So, in terms of things that are legitimately high risk, certainly moms who’ve had a history of a previous poor outcome in a previous pregnancy. So, something like previous premature delivery, a previous still birth, a history of significant preeclampsia or low birth weight or something that indicated significant what we’d call placental insufficiency, where the placenta wasn’t growing and feeding the baby the way that it should have, those would all be significant risk factors for the subsequent pregnancy. Or if mom has a significant medical condition, some sort of heart disease, significant asthma, there’s a very long list. And those are things that we know because it’s from her history. And then there’s things that develop during the pregnancy that can be higher risk for mom. Things like gestational diabetes, hypertension, and those usually fall more in the moderate risk categories.


So, yes, there are higher risk for certain complications, but most moms will go on to have healthy births and healthy outcomes with those condition. But a lot of moms with even more of those moderate risk conditions are encouraged to have C-sections, encouraged to have inductions pretty early on and not necessarily given a lot of choice or a lot of alternative to managing those conditions.


Katie: So, how do you think we, as a country, can start to address some of these problems? What’s needed to actually bring more of this level of care and low intervention birth into hospitals so that women do have those options? How do we actually change the standard of care there?


Michelle: So, it’s challenging but I definitely think one of the ways we start doing it is by encouraging more education in this area, both among obstetricians and nursing staff. And I think that’s starting to happen a little bit as hospitals are realizing they need to lower their C-section rates and improve some of these outcomes, especially as insurers are beginning to tie reimbursements to lower C-section rates. We’re seeing a renewed interest in looking at different ways we can lower C-section rates. But I think it’s more than just teaching physicians how to use a peanut ball, for example. I think it’s also about changing our philosophy towards birth and really gaining exposure to a more holistic viewpoint towards pregnancy and towards labor and delivery.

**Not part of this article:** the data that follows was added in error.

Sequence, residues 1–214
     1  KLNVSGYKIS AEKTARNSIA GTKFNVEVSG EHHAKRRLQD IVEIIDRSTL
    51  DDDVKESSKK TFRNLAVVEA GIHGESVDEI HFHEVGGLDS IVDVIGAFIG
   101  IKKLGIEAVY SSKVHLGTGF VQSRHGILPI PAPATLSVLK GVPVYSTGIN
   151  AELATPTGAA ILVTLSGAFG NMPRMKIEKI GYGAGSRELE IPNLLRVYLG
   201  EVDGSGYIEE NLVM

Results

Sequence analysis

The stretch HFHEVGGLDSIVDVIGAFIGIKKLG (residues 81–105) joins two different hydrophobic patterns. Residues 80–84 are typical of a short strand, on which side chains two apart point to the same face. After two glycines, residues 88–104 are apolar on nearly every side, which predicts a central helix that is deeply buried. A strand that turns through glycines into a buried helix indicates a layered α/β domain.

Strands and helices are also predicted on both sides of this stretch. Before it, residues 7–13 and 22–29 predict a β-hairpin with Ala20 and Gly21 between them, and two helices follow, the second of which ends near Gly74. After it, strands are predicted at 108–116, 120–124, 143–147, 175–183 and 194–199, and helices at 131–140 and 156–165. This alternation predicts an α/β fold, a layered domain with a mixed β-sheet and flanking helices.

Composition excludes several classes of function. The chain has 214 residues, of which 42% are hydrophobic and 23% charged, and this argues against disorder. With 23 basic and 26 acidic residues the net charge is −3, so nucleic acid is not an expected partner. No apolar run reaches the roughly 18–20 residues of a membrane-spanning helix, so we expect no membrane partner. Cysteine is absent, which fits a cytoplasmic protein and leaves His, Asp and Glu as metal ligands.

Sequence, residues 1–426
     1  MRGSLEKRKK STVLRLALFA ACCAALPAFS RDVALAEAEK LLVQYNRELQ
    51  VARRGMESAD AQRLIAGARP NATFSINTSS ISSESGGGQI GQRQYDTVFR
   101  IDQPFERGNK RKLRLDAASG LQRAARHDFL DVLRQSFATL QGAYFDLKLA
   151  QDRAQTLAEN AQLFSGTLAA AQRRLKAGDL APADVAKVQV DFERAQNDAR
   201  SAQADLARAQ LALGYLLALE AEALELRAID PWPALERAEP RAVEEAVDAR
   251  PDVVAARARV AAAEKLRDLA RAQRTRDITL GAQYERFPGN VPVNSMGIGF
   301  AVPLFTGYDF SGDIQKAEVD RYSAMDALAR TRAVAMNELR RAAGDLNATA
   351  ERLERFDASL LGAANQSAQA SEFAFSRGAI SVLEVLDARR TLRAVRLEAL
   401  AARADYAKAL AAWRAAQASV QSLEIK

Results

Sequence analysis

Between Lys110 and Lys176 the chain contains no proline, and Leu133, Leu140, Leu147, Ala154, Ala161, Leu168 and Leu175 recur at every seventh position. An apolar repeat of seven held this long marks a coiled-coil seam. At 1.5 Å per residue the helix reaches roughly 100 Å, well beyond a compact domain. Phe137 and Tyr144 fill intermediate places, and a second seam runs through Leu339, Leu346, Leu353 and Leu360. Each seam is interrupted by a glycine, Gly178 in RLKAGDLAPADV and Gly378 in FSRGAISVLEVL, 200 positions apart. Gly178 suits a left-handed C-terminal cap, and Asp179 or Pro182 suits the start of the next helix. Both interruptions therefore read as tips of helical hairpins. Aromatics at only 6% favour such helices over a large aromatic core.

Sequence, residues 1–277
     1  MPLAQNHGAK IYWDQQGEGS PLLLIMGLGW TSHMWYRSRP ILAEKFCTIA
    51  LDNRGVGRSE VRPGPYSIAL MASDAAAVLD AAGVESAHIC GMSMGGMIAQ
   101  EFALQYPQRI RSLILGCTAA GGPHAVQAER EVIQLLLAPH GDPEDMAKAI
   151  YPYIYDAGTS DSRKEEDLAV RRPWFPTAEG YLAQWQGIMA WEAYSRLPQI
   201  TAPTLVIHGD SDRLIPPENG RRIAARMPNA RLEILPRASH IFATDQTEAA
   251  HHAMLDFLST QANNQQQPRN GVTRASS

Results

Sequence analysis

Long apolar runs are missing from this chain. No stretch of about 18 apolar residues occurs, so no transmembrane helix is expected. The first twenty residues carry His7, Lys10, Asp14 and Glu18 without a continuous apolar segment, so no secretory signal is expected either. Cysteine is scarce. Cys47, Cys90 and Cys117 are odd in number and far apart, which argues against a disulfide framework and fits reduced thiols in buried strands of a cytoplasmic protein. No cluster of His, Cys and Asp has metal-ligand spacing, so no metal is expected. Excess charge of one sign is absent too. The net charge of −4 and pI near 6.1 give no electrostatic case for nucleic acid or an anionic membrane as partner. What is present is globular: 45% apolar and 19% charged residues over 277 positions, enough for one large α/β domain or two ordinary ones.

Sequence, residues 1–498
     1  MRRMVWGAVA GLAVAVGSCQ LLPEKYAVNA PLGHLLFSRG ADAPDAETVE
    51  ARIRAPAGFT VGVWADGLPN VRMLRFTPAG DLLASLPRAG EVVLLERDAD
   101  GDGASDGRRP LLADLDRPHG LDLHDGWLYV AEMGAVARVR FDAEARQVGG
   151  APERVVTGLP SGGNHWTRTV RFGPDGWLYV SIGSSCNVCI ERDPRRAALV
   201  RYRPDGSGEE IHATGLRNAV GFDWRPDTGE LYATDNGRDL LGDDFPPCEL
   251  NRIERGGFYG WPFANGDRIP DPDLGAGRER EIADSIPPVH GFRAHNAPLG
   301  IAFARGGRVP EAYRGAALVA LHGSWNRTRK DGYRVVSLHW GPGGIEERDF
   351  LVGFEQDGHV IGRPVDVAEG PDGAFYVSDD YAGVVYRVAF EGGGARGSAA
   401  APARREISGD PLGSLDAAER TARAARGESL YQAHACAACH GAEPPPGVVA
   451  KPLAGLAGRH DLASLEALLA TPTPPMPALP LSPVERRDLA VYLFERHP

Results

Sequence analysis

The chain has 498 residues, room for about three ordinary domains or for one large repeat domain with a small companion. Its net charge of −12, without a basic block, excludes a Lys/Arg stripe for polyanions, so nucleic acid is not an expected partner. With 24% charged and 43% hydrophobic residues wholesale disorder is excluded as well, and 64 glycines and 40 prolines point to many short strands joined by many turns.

And I really think that’s just with exposure to a more midwifery mindset towards care and that takes credentialing midwives in hospitals, and having an active midwifery program in hospitals, including these big level three hospitals where the majority of OB/GYN residents are training so that they can see no, this model of care is safe, this model of care often produces better outcomes than we’re producing. And they begin to see it done a different way and see that as a normal for women so that it doesn’t just seem like this strange thing that’s done on the fringes of the medical system.


Katie: And you’re so passionate about this, you actually have written a book about natural birth. And I would love for you to talk about that, what your goal is with the book. I got to check it out and it’s awesome, but I think it solves a lot of these problems we’re talking about because it’s the education and you can speak to both sides and to that physician side that’s so important as well.


Michelle: Yeah. So, I wrote this book in response to actually a lot of pushback that I received in my various hospitals in supporting moms who had natural birth plans. I would have moms come in with their birth plans and wanting to ambulate, want to use the showers, and those sorts of things. And just nurses not feeling comfortable, some of the other doctors not feeling comfortable and they’d be like, “Well, where’s the evidence that shows this is safe?” I’d go and I’d pull all the research and I be like, “Here, here’s the evidence, here’s the research articles.” And so, I really came to realize that there was sort of a lack of one resource to show the evidence for all the various points of the natural birth plan. So, that was the point of the book I wrote, a guide, so to speak to that natural birth plan, that really showed the evidence and really attempted to explain both to patients and to their providers of, hey, why is this thing that a woman’s asking for, why does it matter to her?


Why is it a good thing? If there’s any concerns about it, what are they? And, is it reasonable to offer? Should we be supporting it? And there really isn’t a whole heck of a lot in the natural birth plan, there really… The only thing that I could say there was not evidence for was I think placental encapsulation. That’s the only thing that I didn’t find any evidence in support of, but pretty much every other thing there was solid support for in our own medical literature. So, I think it was just a hope to be a wakeup call and to give a tool to patients who wanted more of a scientific understanding of these things and wanted to have some scientific tools to sort of go to their providers and say, “Hey, yeah, this is legit. This has evidence. This is the evidence. I am informed, and this is what I’m doing. You don’t get to not allow me.” So…